Ancient history

The Battle of the Marne, when the French used the 670 Paris taxis to send reinforcements to the front

Last updated:2022-07-25

On the night of September 7, 1914, the northeast of France became the improvised scene of an unusual spectacle:that of hundreds of taxis that flowed incessantly and hurriedly from Les Invalides in Paris towards the Marne Valley, full of soldiers and each vehicle Following the taillights of the one in front.

The reason was the need to concentrate troops there to stop the German offensive, which threatened to pocket General Manoury's Sixth Army, as an intercepted radio signal had revealed and confirmed by aviation. It was the beginning of what is known as the Battle of the Marne, also called Miracle of the Marne because, against all odds, the enemy was stopped.

The truth is that the picture did not look rosy for the French and their British allies. Since the outbreak of what was the First World War on July 28, a series of offensives and counter-offensives had been developed between the contenders throughout the adjoining territories -which is why they are known as the Battle of the Borders – that obeyed the respective offensive approaches of the contest:the Schileffen Plan Teutonic, whose command was handed over to General Helmut von Moltke, and thePlan XVII Gaul, led by General Joseph Joffre.

The first, baptized with the name of its creator, had as its objective the invasion of France through Belgium and its development was based on the chess premise of sacrificing a piece to achieve checkmate:abandon East Prussia, with the Lower Vistula as limit, to concentrate the largest possible number of troops - a million and a half men - on the Western Front and achieve a quick victory. But Schlieffen died in 1913 and Moltke did not want to risk so much, preferring not to weaken the east so much before the foreseeable Russian attack.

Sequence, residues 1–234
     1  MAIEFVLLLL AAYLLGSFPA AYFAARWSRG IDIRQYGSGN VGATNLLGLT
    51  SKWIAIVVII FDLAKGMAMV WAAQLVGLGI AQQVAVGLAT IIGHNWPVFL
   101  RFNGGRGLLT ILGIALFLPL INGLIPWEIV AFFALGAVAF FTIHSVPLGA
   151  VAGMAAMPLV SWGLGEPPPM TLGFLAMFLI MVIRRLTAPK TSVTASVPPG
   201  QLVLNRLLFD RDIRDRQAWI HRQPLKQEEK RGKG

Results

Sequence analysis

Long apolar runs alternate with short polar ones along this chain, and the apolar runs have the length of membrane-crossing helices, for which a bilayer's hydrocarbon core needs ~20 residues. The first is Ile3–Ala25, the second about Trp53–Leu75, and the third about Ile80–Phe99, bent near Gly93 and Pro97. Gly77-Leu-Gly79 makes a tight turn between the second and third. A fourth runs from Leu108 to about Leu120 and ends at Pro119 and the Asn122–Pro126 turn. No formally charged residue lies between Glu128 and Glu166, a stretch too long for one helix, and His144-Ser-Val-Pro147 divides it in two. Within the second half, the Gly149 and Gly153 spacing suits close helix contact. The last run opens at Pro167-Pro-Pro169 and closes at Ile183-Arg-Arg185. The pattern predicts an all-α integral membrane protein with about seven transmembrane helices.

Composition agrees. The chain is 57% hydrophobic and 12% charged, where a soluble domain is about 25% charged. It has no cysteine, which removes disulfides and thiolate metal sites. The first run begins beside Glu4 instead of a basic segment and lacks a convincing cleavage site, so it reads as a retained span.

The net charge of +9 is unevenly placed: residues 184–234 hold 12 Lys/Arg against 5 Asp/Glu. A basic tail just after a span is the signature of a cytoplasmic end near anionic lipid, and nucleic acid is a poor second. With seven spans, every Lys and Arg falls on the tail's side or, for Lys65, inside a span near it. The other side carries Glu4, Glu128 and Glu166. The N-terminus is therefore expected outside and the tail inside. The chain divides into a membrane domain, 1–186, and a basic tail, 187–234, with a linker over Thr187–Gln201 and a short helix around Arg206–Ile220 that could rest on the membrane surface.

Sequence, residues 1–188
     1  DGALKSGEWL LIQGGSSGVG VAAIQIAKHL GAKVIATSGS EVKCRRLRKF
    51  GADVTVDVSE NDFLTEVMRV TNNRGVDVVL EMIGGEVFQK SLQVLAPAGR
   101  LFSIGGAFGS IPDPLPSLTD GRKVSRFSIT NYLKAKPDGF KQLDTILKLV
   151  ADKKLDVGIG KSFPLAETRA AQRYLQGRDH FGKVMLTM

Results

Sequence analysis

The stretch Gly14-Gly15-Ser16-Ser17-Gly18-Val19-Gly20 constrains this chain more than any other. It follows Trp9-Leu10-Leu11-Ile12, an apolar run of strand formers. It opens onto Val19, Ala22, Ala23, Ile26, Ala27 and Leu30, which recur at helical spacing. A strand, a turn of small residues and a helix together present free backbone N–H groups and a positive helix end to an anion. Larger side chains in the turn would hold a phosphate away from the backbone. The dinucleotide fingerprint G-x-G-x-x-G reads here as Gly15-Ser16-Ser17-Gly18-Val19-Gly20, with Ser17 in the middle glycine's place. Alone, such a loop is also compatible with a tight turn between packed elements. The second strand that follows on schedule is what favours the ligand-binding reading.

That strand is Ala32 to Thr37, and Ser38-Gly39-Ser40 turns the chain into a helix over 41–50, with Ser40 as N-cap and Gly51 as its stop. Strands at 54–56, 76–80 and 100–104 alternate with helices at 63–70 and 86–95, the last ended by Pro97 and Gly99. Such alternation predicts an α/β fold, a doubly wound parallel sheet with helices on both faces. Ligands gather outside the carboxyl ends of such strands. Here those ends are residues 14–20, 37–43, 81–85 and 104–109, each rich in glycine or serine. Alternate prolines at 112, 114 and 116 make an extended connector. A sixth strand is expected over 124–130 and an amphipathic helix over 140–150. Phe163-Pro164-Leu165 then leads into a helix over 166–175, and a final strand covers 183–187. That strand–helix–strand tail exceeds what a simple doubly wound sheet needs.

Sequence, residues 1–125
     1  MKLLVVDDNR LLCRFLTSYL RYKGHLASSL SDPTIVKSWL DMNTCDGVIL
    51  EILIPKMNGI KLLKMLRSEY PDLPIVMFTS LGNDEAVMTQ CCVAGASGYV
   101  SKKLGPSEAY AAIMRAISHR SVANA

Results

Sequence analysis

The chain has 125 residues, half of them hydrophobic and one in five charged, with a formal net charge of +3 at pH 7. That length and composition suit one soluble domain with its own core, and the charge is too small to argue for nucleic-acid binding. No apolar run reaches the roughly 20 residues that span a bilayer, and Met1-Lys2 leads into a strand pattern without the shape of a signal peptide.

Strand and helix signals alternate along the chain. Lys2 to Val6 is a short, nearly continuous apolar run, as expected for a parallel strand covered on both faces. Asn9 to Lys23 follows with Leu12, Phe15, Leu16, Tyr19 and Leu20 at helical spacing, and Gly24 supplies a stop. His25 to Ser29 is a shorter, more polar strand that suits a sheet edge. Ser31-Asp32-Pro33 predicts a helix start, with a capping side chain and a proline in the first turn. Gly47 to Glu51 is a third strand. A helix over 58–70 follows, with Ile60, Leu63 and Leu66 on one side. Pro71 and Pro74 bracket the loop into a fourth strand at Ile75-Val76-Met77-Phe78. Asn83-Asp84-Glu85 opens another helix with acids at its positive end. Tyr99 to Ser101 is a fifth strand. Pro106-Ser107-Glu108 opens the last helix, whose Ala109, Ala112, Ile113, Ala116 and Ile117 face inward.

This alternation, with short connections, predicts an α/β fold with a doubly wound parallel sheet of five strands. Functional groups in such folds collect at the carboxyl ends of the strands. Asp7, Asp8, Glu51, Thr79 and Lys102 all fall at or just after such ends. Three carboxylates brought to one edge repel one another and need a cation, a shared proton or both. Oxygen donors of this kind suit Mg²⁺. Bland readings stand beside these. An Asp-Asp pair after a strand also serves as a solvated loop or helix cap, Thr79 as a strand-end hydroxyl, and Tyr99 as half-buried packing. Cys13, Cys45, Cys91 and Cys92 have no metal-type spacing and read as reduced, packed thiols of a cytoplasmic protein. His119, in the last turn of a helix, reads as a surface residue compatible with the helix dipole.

As for the French plan, designed in 1913 from the ideas of Ferdinand Foch, it was based on unrealistic ideas, such as the supposed spirit of the French soldier who was combative by nature and the idea of ​​offensive warfare as the only acceptable one. Its objective was, therefore, to get ahead of the Germans to recover Alsace and Lorraine, lost in 1871, in the Franco-Prussian War.

The forces that he had in that mission were four armies but, as happened to the adversary, this forced him to disarm the north, leaving only one; It was expected that Belgium would act as a buffer, since in addition to violating its territory it would mean for the Kaiser the declaration of war by the British Empire.

And so, one and the other applied their plans. The French, although they initially managed to conquer Mulhouse and Colmar, crashed in The Ardennes, Charleroi and Mons as they encountered more resistance than expected and their troops not only had to abandon what they had gained but were forced to return to the starting point to defend their own territory before the enemy counterattack. Instead, the Germans crossed Belgium almost unopposed - their army had to entrench themselves in Antwerp and Liège - and entered France, threatening to reach Paris at the end of August due to the aforementioned shortage of Gallic troops to defend that sector.

The arrival of the BEF (British Expeditionary Force), the body sent by the British under the command of General John French -indeed, they declared war on Germany on August 4-, was a breath of fresh air. Likewise, the Gallic high command had to redirect part of the Plan XVII forces to the Marne. However, it was still insufficient to stop the Teutonic attack, which penetrated like a knife and had Paris ever closer.

The BEF began to give way in the far north, retreating with the French Fifth Army south to the Oise, Serre, Aisne and Ourq, pursued by von Kluck's First Army and von Bülow's Second. The garrisons at Metz, Thionville, Longwy, Montmédy and Maubeuge were besieged.

On September 2, Von Moltke communicated to Von Kluck and Von Bülow the Grand Directive , an order that they were to forget about Paris, surrounding the city and advancing in stages to focus on pocketing the enemy from the west and destroying them in one blow. However, two things ruined everything.